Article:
Arinna Weisman gets personal with the Lion’s Roar readership.
I was born in Johannesburg, South Africa, in the fifties, as apartheid became the policy of the Afrikaner government. During the next decade, my parents were very active in the anti-apartheid struggle and were arrested in 1960. When they were released, we went into hiding in Israel. After six months of weathering political challenges abroad, we flew to England and were granted political asylum. I then lived in the U.K. for the next eleven years. Growing up, I was supported by communities of activists. Their courage and camaraderie aided my understanding of taking a stand against the violence of the police state and colonialism. However, I struggled alone with the sexual violence in my family. These experiences called me to the dharma.
I’ve studied insight meditation since the late seventies. After ten years of practice, I began teaching. I was one of the first out queer teachers to lead meditation retreats, and along with Eric Kolvig, I offered the first insight-meditation retreats for the LGBTQI communities. Now, I’m the founding teacher of the Insight Meditation Center of the Pioneer Valley in Massachusetts, and I live at the Dhamma Dena Meditation Center in the Mojave Desert.
My teaching and personal practices constantly interlink. People confront tremendous pain and suffering in their lives. It’s the potential for waking up from this suffering that has become the guiding purpose of my life. I’m passionate about integrating personal liberation with cultural and structural justice. We need to practice recognizing racism, sexism, classism, ableism, and homophobia amongst other forms of oppression in our communities and commit to changing these dynamics. B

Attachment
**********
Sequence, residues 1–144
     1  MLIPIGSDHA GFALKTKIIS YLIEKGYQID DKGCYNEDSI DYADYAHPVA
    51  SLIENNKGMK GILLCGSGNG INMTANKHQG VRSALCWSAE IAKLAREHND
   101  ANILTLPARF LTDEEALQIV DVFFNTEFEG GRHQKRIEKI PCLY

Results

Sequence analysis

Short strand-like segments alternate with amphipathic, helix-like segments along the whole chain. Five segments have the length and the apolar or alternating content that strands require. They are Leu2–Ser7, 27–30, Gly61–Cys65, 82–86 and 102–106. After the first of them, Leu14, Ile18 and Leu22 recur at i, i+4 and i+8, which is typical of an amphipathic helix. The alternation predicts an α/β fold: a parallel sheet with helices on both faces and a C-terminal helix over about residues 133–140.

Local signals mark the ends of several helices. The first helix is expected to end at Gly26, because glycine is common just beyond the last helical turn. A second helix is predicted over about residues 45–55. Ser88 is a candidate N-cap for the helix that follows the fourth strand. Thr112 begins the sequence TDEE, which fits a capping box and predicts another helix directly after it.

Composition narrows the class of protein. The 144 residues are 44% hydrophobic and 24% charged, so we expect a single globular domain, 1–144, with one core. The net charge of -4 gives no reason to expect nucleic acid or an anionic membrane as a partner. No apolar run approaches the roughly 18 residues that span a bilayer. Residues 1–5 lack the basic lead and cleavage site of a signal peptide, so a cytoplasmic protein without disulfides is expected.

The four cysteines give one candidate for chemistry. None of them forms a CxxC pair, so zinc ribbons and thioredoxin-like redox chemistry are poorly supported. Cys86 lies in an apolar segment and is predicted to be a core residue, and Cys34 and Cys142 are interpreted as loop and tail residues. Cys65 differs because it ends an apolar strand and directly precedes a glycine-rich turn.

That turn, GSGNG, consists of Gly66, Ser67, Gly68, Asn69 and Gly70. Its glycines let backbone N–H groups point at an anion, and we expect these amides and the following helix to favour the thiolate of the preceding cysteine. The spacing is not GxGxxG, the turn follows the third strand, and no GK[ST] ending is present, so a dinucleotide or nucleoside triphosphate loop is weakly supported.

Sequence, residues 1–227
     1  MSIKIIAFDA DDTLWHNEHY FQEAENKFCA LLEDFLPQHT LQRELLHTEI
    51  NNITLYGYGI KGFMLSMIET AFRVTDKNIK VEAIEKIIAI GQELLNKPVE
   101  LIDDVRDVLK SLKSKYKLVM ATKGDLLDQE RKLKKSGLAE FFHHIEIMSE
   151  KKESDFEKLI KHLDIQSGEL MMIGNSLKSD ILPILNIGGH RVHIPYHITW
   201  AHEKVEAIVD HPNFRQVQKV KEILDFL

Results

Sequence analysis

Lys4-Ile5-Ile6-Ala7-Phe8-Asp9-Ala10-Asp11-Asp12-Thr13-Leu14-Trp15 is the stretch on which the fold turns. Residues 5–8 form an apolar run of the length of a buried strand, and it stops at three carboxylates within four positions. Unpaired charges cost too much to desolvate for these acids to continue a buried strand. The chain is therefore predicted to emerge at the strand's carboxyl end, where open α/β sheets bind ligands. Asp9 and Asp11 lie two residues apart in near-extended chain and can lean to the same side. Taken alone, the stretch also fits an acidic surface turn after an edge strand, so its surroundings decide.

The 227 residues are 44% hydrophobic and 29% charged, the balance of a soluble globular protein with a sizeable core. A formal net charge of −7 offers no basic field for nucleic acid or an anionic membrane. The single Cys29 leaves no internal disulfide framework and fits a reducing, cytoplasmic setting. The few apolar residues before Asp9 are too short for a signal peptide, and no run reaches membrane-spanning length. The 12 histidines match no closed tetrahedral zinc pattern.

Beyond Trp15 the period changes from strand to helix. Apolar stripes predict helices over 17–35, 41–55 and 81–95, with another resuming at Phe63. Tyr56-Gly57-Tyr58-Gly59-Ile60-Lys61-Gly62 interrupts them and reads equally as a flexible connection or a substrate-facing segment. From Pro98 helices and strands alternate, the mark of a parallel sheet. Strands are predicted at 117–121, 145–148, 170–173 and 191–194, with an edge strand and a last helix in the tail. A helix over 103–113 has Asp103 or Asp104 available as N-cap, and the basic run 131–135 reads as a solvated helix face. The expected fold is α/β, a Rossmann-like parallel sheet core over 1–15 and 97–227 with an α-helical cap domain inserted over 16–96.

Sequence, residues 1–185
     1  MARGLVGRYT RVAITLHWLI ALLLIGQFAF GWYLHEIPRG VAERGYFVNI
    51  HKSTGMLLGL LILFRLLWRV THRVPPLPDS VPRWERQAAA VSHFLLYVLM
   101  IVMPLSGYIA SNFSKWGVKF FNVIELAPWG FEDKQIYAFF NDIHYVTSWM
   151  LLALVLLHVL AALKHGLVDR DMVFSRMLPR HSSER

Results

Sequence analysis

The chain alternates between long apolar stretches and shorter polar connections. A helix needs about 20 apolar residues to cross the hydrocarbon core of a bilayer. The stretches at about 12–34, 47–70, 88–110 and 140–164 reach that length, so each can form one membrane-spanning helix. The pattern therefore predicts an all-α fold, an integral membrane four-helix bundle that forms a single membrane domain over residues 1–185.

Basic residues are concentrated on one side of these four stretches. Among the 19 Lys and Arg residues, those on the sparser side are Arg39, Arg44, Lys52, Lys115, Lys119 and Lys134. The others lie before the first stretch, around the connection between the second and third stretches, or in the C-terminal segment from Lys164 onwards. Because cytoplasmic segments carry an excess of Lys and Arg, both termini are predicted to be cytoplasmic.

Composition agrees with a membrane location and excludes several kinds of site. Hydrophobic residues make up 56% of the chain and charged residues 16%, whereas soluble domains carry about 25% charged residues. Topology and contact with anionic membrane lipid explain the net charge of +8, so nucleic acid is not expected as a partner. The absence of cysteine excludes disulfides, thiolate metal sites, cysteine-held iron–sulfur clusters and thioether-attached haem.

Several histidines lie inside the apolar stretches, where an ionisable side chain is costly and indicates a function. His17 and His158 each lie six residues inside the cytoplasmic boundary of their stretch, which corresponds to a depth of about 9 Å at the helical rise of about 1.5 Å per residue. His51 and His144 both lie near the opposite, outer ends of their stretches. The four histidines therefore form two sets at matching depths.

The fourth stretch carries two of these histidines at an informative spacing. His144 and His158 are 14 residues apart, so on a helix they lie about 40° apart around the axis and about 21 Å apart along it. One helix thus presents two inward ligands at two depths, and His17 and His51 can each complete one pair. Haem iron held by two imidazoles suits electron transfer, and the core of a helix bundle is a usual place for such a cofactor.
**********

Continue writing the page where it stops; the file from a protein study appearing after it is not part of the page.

Ruth Denison, who was empowered by U Bha Khin.
Favorite meditation practice?
The spontaneous flow of awareness.
What dharma books do you recommend?
A Comprehensive Manual of Abhidhamma by Bhikku Bodhi; Awakening Together: The Spiritual Practice of Inclusivity and Community by Larry Yang; and Daughters of Emptiness: Poems of Chinese Buddhist Nuns edited by Beata Grant.
Your favorite virtue?
Your chief characteristic?
Your principal poison?
If not yourself, who would you be?
Your idea of happiness?
Being in communion with life, especially by an ocean or river.
Your idea of misery?
What’s the worst job you’ve ever had?
Working at a dress store in downtown London.
Name three of your heroes.
Bishop Tutu, Dipa Ma, and Berta Caceres (a Honduran leader deeply involved in the protection of Indigenous land rights).
The natural talent you’d most like to have?
To be able to sing and keep a tune.
Your favorite author?
Your favorite musician or group?
Beethoven and Victor Hara.
What’s for dinner?
A motto that represents you?
Everything deserves loving-kindness.
Organic full-leaf Ceylon tea.
What is your current or next project?
I’m leading “Uncovering the Heart” retreats, which integrate awareness of social inequity with the dharma practice of liberation.